# Storm Area 51

It was scheduled for September 20, 2019 the Invasion of Area 51 running in the Naruto style, with more than 2 million confirmed. This incident raised concerns among the authorities and expectations about what could happen if confirmed people actually tried this. In this text we will discuss how the use of the logarithm could have made Invasion of Area 51 viable.

To place ourselves in this text, we must first keep in mind that:

1) Area 51 is a USA (secret) military base often associated with hiding various secrets from humanity, such as the discovery of intelligent extraterrestrial life. Its entrance until the arrival at the base of operations are about 50 km.

2) The Naruto running style (an anime with the main ninja theme) is based on the way the characters in this universe run, keeping their arms straight and stretched backwards while the body is bent forward.

So let us call Y the maximum distance that one of the P people in the invasion group can run continuously. We will call X the smallest of the maximum distances that the other P-1 people (we remove the person who runs Y from the set) can run carrying another person on their backs. Thus, ignoring the resistance and friction with the military authorities, would it be possible for the invasion group to run the 50km running in the Naruto style and thus conclude the Invasion of Area 51?

Case 1: Y≥50km. In this case, at least one person in the group can run alone to the base of Area 51.

Case 2: Y <50km. In that case, nobody in the group can run the 50 km without interruption. But the invasion in this case is still possible, since we can reduce the distance to be covered by Y by carrying each other on their backs.

Two people would travel (X+Y)km. In this case, the subject who runs Ykm (on the right) would be carried by the first Xkm (on the left).

In this situation we call P the total number of people and each portion of the rush rush. For a person to invade Area 51, we will need n-1 rushs carrying him on his back.

1st rush: P/2 people run X km carrying other P/2 people;

2nd rush: When they reach the X km, the P/2 people who were running until now stop running, and the P/4 of the loaded people start to load the other P/4 people who were being loaded;

3rd rush: When they reach the X km, the P/4 people who were running until now stop running, and the P/8 of the loaded people start to load the other P/8 people who were being loaded;

n-1st rush: When they reach the X km, the person who was running until now stops running, and the person who was being carried starts to run without carrying anyone.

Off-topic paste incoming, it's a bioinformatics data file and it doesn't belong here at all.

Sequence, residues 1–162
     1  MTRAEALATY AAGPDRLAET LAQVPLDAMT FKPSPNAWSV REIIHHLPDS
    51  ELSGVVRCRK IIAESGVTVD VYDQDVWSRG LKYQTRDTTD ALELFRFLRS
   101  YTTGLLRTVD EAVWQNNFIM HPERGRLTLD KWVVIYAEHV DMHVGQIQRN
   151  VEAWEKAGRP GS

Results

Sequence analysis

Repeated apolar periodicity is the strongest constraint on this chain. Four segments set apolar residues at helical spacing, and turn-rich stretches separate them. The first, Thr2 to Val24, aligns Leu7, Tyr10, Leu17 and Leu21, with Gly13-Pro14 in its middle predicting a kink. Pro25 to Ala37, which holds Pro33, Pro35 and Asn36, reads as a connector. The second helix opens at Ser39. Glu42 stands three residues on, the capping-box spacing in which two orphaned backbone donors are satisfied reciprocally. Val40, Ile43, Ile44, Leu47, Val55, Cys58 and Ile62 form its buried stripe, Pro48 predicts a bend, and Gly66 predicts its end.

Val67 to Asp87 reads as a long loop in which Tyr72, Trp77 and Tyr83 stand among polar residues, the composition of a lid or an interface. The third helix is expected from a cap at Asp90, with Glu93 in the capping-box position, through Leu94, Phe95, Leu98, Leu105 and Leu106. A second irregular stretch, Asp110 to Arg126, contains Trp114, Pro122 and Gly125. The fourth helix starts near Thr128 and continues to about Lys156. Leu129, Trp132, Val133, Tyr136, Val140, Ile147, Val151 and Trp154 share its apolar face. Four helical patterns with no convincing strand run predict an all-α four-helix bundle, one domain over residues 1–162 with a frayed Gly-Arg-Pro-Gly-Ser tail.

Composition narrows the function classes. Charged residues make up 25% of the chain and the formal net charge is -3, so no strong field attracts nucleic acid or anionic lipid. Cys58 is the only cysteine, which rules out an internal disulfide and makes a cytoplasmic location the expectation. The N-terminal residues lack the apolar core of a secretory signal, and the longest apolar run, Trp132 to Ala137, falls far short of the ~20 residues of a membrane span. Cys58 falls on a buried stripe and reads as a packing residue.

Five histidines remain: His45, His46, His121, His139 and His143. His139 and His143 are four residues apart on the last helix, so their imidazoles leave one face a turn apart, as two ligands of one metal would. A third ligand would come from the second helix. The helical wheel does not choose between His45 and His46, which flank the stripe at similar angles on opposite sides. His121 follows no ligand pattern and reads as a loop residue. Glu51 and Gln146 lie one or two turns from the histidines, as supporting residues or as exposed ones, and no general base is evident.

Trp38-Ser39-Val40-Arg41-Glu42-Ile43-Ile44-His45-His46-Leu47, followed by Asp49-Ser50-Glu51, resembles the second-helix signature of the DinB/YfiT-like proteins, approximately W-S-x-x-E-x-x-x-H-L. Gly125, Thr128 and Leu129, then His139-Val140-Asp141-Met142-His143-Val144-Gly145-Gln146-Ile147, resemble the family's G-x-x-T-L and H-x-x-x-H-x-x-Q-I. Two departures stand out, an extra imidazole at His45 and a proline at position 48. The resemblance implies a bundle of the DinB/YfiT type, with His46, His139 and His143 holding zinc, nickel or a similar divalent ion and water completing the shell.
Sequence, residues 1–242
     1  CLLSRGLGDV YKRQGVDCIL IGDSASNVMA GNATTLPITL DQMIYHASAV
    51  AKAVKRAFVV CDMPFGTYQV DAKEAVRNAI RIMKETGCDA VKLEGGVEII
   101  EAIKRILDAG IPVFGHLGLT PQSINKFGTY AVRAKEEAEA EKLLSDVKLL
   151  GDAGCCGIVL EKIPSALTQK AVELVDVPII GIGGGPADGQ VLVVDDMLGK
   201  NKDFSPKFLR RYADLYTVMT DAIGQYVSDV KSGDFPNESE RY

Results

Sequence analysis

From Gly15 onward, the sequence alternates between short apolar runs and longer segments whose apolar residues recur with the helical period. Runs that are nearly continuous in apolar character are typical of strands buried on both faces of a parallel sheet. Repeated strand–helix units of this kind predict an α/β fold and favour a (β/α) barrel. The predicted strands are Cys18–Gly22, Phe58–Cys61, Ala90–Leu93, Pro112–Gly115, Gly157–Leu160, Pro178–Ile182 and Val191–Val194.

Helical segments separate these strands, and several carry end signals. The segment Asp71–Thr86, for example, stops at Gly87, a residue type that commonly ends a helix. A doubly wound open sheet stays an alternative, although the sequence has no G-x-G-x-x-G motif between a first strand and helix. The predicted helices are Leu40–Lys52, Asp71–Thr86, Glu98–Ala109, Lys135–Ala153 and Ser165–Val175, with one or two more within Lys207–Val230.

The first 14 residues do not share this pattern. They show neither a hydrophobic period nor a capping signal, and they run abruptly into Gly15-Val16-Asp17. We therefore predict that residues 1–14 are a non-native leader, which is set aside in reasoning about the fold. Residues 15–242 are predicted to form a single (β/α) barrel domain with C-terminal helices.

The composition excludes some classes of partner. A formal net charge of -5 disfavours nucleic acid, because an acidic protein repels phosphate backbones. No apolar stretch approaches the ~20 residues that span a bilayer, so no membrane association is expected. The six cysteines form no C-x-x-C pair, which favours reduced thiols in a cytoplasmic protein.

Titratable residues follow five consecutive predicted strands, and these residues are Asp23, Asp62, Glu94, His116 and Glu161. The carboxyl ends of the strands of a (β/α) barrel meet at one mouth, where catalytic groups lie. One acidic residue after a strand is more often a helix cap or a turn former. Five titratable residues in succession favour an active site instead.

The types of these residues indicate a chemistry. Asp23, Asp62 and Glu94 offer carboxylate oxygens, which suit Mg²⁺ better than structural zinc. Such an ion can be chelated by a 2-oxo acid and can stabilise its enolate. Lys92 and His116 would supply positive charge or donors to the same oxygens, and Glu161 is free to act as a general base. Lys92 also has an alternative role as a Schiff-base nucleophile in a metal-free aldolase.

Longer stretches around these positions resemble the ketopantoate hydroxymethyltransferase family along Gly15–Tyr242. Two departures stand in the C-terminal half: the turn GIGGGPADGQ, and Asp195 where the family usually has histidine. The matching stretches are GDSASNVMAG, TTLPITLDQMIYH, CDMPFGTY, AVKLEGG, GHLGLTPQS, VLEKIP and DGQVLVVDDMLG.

In this way, a total of [(n-1).X + Y] km would be covered. In order to know the total number of rushs for this race, we need to calculate the logarithm on base 2 of the total number of people participating in the race. As we have an extra rush, referring to the guy who runs without carrying anyone, the expression we seek will be:

n ∈ ℕ, log2(P) < n 1+log2(P)

Example 1: 32 people gathered for the invasion. The one with the most resistance can run 20 km without interruption (Y=20), while the other 31 can run 6 km while carrying someone else on their back (X=6). In this way we will have log2 (32) rushs < n ≤ 1 + log2 (32) rushs = 6 rushs.

Race progression starting with 32 people, X = 6 and Y = 20.

1st rush: 16 people travel from 0 to 6 km carrying 16 people;

2nd rush: 8 people travel from 6 to 12 km carrying 8 people;

3rd rush: 4 people travel from 12 to 18 km carrying 4 people;

4th rush: 2 people travel from 18 to 24 km carrying 2 people;

5th rush: 1 person travel from 24 to 30 km carrying 1 person;

Final rush: 1 person travels 20 km.

Example 2: 1.024 people gathered for the invasion, (log2(1024) rushs < n ≤ 1 + log2(1024) rushs = 11 rushs) although we only increased 5 rushs, their representation on a sheet as in the previous example, if would make it difficult to view:

1st rush: 512 people travel from 0 to X km carrying 512 people;

2nd rush: 256 people travel from X to 2X km carrying 256 people;

3rd rush: 128 people travel from 2X to 3X km carrying 128 people;

4th rush: 64 people travel from 3X to 4X km carrying 64 people;

5th rush: 32 people travel from 4X to 5X km carrying 32 people;

6th rush: 16 people travel from 5X to 6X km carrying 16 people;

7th rush: 8 people travel from 6X to 7X km carrying 8 people;

8th rush: 4 people travel from 7X to 8X km carrying 4 people;

9th rush: 2 people travel from 8X to 9X km carrying 2 people;

10th rush: 1 person travels 9X to 10X km carrying 1 person;

Final rush: 1 person travels 50 km – 10X km.

So, if 50 – N.X – Y ≤ 0, the Invasion of Area 51 will be a success. We can describe each of these 3 variables (N; X; Y) as a function of the other two.

 1.X ≥ (50-Y)/N 2.N ≥ (50-Y)/X 3.Y ≥ 50 – N.X

For example, knowing that for the Invasion of Area 51 more than 2 million participants were confirmed (being pessimistic, let’s say we have exactly 2.000.001), log2(2.000.001) rushs < n ≤ 1 + log2 (2.000.001) rushs, that is, 20.9 < n <21.9 (notice how the number of people increases in relation to the rushs, first example we had 32 people and 6 rushs, in the second example 1.024 people and 11 rushs, here we have more than 2 million people and 21 rushs).

Assuming that of these, Y (maximum distance traveled by someone in the group) is 10 km. We have inequality 1.

X ≥ (50-10)/20

X ≥ 40/20

X ≥ 2.

That is, if X is greater than or equal to 2 km, the Invasion will be a success. This means, each person will need to run carrying his companion on his back for 2 km.

However, for inequalities:

4. X < (50-Y)/N

5. N < (50-Y)/X

6. Y < 50 – N.X

We cannot guarantee so easily that the Invasion would fail, as it would still be possible to rearrange the rush with different values of X1, X2, …, XN (distance that someone can run carrying another on their back) in order to maximize the total. Thus, the invasion will only fail if:

MAX {50 – N.(X1 + X2 + … + XN) – Y} > 0.